In the end I managed to get some statistics about the court roll and the number of new cases the court gets. One prosecutor agreed to talk to me, even then she didn’t want to be identified.

I don’t understand why people in the justice system are so inaccessible? Aren’t they supposed to be serving the public? Being helpful and transparent? Also we had a meeting but most importantly I spoke to T.J who helped me conceptualise my multimedia project which is meant to complement the main written piece but also stand alone (If I understood correctly).


After my meeting with Ruth and T.J yesterday I thought I should better try and plan a little better going forward. So I emailed the Protea court manager to again in order to set up a meeting. If she doesn’t get back to me, I will call and then just go over there. I also contacted Randburg to ask for camera access, they have yet to respond to me but I am optimistic.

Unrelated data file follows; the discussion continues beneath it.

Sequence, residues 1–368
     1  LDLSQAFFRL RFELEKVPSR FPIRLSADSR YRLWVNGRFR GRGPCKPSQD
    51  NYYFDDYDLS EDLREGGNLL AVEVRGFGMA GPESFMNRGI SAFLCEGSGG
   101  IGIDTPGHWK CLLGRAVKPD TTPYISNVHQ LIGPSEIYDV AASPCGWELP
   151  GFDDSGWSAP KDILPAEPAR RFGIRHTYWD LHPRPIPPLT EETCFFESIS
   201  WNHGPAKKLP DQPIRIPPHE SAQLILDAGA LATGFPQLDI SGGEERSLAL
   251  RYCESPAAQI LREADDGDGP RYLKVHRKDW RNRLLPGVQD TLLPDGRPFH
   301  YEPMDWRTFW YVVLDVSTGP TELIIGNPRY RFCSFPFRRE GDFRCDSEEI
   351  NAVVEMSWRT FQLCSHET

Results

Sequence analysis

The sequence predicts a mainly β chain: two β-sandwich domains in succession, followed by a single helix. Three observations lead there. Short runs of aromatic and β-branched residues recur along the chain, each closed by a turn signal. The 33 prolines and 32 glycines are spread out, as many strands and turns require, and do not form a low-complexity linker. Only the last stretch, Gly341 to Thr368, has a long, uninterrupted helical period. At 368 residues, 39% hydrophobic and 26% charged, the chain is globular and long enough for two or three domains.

I’m hoping to commission the help of a classmate of mine who is brilliant with illustrator, Anina, to help me with my infographics. After another classmate of ours said we were all just “jumping on the infographics bandwagon” because we thought it was easy. I will refrain from being as puerile as she was in this post.

Also I have run out of airtime and money to be taking taxis everyday to the courts. That’s not encouraging at all.

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Day 4 & 5 of #vuvuindepth


Today was Randburg Magistrates Court day. It was interesting. I had a few transport and directional problems but it all came together nicely. I was directed to the court manager who was fairly forthcoming with the budget of the court. Of course first she said: “I’ve never been asked for the budget before…let me call my regional supervisor and check if I can locate it.” about five minutes later she “located it”, printed it out and even gave me an envelope.